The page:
[35] We stored and transported gas samples in glass serum vials with aluminum crimp tops, fitted with 20-mm butyl rubber septa (Geomicrobial Inject Technologies, Oechelata, Oklahoma). Compared with other types of septa, we found that these exhibited minimum leakage and minimum blank contamination. We divided each 60-mL gas sample from the incubation into two parts; 10 mL for gas chromatographic analysis were compressed into 5-mL vials that had previously been evacuated, and the remaining 50 mL were compressed into 60-mL vials that had previously been flushed with ultrahigh-purity helium. To account for the small amount of leakage and/or the presence of blanks that can arise from the storage and transport of samples, we filled vials in the field with known standards and corrected the concentration of the samples for any consistent changes in the standards. The correction for 5-mL vials typically included subtraction of a blank of ∼0.4 μL L−1 and accounting for ∼7% leakage. The larger 60-mL vials used for isotopic analysis had trivial blanks and leakage, so no correction was applied. We analyzed the 5-mL vials for methane concentration within 1 week of sampling and analyzed the 60-mL vials within 3 weeks.

4.2. Laboratory Techniques

[36] We determined the methane concentration by gas chromatography on an SRI 8610 with a Hayesep N column or on a Varian 3400 cx with a Chromosorb 102 column. Typical standard deviations for repeated measurement of standard air was <0.1 μL L−1. Gas chromatographs were calibrated by analyzing standards of at least three levels of methane in triplicate and calculating the average instrument response for each standard. No methane peak was ever present in methane-free gases, so only the instrument response (i.e., slope) was used. The detection limit for methane was 0.1 μL L−1, and all measured concentrations below that limit are reported as 0.05 μL L−1.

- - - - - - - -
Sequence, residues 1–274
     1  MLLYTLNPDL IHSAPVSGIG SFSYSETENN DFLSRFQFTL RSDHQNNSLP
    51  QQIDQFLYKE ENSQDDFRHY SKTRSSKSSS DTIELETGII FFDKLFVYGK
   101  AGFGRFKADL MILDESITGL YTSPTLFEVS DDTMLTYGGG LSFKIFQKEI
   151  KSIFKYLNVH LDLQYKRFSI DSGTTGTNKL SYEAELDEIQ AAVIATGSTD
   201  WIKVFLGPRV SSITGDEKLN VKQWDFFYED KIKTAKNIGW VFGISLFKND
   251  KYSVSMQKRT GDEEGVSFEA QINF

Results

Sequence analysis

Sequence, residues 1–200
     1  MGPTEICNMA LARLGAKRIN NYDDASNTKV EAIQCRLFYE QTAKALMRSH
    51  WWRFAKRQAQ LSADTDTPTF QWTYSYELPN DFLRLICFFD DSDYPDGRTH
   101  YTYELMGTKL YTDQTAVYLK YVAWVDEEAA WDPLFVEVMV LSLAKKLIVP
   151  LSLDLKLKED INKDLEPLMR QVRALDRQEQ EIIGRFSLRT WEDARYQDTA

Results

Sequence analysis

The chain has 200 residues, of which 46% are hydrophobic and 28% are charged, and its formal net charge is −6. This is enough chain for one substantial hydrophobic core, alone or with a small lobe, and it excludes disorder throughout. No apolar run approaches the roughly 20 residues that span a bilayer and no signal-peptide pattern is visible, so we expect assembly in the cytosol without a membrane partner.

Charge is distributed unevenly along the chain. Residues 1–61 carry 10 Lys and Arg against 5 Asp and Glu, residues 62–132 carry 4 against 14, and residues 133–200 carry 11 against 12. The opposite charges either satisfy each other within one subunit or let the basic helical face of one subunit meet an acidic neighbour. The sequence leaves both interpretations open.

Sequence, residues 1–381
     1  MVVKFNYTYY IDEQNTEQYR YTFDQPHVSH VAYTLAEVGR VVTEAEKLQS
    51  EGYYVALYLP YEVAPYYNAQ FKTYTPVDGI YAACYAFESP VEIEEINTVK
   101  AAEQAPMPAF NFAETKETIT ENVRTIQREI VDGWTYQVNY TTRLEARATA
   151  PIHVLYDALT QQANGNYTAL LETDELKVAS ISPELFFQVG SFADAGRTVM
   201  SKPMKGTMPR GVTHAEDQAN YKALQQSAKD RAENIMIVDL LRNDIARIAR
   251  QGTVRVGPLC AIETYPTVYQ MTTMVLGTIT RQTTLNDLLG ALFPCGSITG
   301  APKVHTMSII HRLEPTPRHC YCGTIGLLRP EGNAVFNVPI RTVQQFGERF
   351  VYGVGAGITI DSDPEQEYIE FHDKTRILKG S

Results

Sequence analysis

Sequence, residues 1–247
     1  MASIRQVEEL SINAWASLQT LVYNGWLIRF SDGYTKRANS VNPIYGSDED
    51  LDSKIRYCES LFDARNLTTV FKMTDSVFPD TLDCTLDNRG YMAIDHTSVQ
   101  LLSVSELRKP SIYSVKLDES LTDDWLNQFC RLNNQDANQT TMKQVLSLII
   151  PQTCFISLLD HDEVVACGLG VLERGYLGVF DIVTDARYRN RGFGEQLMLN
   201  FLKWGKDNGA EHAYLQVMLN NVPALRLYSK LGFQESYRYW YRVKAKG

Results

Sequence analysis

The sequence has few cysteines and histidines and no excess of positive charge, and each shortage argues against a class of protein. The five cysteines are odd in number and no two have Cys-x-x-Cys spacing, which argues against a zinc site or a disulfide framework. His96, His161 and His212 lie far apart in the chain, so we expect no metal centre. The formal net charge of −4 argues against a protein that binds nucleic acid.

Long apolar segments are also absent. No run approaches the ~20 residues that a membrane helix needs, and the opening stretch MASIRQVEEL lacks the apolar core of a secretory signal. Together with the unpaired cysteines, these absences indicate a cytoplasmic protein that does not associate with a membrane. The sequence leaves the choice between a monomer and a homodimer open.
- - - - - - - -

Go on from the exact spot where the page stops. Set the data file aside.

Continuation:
[37] Methane was prepared for isotopic analysis on a highly modified Europa Scientific ANCA TG, similar to systems described by Chanton et al. [1992] and Brand [1995]. In our system an air sample was manually introduced and carried by ultrahigh-purity helium under a pressure of 120 kPa. The gas stream passed through a chemical and a cryogenic trap to remove water vapor, carbon dioxide, and carbon monoxide: Mg(ClO4)2 removed water vapor, Schutze Reagent (LECO Corporation) oxidized CO to CO2, Carbosorb (a NaOH-based compound, PDZ Europa) removed CO2, and a liquid nitrogen trap removed any remaining CO2 water vapor and other condensable gases. Following purification the sample methane was oxidized to CO2 in an oven at 1050°C over a nickel and platinum catalyst. Water produced during combustion was removed in an isopropanol-dry ice mixture cryogenic trap maintained at −40°C ± 5°C. The sample CO2 was cryofocused in a coil of nickel tubing immersed in liquid nitrogen and was subsequently transferred to the mass spectrometer, where an open split admitted a fraction of the sample CO2 to the ion source. Isotopic analysis was performed on a Europa Scientific Geo 20–20 stable isotope ratio mass spectrometer (PDZ Europa) calibrated to a working standard of air containing 2 μL L−1 methane (4.5 nmol CH4 per 50 mL sample), δ13C = −40.95‰ as calibrated from the natural gas standard (NGS1). Typical analytical reproducibility of standards was ±1‰ (1 SD).